Hyams, a longtime Los Angeles resident who moved to Penrose, Colo., three years ago, died of coronary artery disease Saturday at a Denver hospital, said his wife of 14 years, Melissa.
"He was a Hollywood insider," movie producer David Permut, a longtime friend, told The Times on Tuesday. "Everybody knew Joe, and he knew everybody. He was a great wit, a great guy."
The author of more than 25 books, Hyams tapped his insider status in many of them, including the biographies "Bogie" (1966), "Bogart & Bacall: A Love Story" (1975) and "James Dean: Little Boy Lost" (1992), written with his son Jay.
FOR THE RECORD:
The obituary of writer Joe Hyams in Wednesday's California section said he was born Sept. 6, 1923. He was born June 6, 1923.
He also wrote the Hollywood-set novels "The Pool" and "Murder at the Academy Awards."
Among his other books are "Flight of the Avenger: George Bush at War"(1991) and, with Tom Murton, the 1969 nonfiction book "Accomplices to the Crime: The Arkansas Prison Scandal," on which "Brubaker," the 1980 movie starring Robert Redford, was based.
As an author, Hyams also worked in the 1980s with Chuck Norris on Norris' "The Secret of Inner Strength: My Story" and with President Reagan's son Michael on his "Michael Reagan: On the Outside Looking In."
Besides his reputation as a Hollywood chronicler, Hyams also was known as an icon in the martial arts community.
Hyams, who studied martial arts for more than 50 years, was the author of the 1979 book "Zen In the Martial Arts."
Melissa Hyams said the slim book "isn't really about martial arts. It's about life and philosophy, and how to turn a negative into a positive, how to defuse a situation by the way you handle it. That's what he'll most be remembered for."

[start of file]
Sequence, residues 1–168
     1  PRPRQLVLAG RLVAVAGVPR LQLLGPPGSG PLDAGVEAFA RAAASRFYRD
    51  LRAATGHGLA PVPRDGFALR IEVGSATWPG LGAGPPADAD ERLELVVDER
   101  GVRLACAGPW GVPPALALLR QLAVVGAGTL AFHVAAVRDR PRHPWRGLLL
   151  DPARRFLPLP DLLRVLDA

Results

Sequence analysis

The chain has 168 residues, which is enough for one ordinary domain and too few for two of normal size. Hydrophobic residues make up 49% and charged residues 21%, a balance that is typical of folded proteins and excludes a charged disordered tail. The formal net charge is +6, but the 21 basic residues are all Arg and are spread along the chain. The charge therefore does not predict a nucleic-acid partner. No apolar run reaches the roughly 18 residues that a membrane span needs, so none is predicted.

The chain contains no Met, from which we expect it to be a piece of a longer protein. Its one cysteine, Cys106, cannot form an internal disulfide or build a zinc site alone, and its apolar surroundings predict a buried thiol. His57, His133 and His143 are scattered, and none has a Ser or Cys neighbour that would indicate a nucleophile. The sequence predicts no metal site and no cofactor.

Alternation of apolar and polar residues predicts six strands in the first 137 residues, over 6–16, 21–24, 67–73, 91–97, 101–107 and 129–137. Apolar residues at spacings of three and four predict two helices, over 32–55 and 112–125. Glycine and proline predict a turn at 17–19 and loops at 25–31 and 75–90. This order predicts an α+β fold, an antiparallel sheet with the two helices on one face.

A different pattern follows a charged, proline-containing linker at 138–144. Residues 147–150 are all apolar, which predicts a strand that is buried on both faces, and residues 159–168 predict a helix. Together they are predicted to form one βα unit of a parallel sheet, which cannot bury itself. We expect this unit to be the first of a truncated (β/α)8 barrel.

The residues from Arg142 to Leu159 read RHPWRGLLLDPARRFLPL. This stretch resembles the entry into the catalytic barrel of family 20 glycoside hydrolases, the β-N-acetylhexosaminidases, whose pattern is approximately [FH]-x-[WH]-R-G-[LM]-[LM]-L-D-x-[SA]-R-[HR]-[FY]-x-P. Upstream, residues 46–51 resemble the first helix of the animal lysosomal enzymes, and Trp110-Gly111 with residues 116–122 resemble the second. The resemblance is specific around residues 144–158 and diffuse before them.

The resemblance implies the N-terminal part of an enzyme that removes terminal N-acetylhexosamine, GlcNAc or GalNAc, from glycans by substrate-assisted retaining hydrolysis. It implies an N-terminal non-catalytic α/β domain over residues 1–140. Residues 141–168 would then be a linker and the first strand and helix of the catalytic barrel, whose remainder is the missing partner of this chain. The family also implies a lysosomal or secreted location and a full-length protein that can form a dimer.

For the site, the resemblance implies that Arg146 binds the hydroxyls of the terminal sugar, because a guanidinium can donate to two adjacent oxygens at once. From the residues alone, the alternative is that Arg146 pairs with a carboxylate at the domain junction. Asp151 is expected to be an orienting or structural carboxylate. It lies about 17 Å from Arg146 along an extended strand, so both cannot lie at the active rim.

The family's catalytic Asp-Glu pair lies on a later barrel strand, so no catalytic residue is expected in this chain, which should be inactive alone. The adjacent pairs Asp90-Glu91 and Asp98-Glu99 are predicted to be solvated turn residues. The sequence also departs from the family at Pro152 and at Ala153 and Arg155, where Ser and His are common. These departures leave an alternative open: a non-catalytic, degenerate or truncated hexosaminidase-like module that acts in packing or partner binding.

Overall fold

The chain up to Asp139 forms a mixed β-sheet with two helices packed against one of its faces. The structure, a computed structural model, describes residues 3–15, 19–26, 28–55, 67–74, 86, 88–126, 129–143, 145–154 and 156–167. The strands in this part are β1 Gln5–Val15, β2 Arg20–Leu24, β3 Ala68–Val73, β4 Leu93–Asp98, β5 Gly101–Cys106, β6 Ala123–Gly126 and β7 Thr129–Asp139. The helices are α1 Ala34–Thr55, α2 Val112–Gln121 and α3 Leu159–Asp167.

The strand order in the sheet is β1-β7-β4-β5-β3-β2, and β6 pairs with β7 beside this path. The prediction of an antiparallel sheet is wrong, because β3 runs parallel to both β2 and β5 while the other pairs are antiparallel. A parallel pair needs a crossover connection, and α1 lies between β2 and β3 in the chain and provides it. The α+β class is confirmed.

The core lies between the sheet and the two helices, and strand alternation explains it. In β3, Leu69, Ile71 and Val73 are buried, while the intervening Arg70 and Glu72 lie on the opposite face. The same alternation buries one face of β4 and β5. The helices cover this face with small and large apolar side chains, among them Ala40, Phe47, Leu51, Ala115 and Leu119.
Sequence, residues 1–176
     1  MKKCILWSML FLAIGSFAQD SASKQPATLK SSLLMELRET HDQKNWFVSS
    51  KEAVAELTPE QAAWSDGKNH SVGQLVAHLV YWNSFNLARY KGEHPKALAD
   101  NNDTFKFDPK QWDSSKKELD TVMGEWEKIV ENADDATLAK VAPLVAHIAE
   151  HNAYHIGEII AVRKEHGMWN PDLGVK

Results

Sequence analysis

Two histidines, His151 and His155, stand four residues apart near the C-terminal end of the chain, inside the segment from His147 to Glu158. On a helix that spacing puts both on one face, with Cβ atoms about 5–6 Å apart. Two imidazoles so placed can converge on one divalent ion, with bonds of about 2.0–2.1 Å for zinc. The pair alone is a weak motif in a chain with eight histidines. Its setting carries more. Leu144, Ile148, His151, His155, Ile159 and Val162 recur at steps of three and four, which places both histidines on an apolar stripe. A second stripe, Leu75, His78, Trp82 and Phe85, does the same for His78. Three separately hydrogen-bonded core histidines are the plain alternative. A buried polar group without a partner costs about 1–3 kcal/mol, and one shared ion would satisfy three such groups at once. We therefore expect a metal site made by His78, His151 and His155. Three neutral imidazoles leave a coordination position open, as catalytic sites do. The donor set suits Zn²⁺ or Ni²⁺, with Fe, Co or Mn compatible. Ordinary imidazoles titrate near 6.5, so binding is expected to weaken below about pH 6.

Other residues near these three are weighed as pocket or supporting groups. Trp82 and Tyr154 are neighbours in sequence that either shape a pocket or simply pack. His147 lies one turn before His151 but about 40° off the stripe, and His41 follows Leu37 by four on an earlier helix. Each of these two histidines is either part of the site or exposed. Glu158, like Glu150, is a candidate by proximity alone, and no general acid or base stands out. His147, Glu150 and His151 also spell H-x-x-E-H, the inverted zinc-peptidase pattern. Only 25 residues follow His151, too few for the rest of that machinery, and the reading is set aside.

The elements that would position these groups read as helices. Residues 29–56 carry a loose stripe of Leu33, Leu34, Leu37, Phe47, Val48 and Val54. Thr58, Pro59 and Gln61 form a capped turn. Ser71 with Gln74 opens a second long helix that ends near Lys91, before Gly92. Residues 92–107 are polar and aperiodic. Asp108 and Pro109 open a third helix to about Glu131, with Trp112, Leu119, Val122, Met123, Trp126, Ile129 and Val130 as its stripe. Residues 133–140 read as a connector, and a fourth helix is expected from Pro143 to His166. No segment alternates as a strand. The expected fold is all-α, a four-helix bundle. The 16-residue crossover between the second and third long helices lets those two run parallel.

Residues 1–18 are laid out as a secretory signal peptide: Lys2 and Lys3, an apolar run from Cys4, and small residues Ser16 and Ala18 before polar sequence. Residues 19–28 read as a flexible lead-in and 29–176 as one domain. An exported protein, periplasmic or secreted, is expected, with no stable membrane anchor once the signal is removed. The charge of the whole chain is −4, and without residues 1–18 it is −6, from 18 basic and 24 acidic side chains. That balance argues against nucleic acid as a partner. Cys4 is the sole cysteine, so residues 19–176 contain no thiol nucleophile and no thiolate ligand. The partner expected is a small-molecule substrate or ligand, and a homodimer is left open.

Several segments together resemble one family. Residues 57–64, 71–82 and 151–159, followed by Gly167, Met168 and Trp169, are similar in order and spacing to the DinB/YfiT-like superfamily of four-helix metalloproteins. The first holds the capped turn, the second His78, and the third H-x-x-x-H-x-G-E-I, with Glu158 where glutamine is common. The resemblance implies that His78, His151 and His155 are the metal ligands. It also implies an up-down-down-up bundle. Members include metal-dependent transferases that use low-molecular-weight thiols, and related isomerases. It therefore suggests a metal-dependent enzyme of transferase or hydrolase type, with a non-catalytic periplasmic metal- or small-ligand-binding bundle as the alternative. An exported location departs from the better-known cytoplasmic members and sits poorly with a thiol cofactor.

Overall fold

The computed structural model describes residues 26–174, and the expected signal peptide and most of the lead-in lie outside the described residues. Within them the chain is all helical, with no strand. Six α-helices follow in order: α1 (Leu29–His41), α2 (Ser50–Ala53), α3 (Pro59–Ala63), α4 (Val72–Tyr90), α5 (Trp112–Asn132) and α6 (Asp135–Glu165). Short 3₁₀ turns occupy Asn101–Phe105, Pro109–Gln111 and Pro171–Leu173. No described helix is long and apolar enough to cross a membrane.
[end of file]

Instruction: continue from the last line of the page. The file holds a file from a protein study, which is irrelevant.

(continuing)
Hyams was born Sept. 6, 1923, in Cambridge, Mass. Reared in Brookline, Mass., he was attending Harvard University when he enlisted in the Army in 1942. While serving in the South Pacific, he received a Purple Heart and a Bronze Star and later covered the war as a field correspondent for the Stars and Stripes newspaper.
After the war, he earned bachelor's and master's degrees at New York University and went to work for the New York Herald Tribune.
As Hyams wrote in his 1973 autobiography "Mislaid in Hollywood," his career covering the movie capital began in 1951 when the Herald Tribune sent him west to do an article on illegal immigrants.
As recounted by his wife Tuesday, Hyams was dropped off in Mexico by the pilot of a small airplane and made the border crossing himself with a group of illegal immigrants.
After he completed the story, his editor in New York told him that a room had been arranged for him at the Beverly Hills Hotel.
"Take a break," he was told, "and if you get a chance to interview any movie stars, go for it."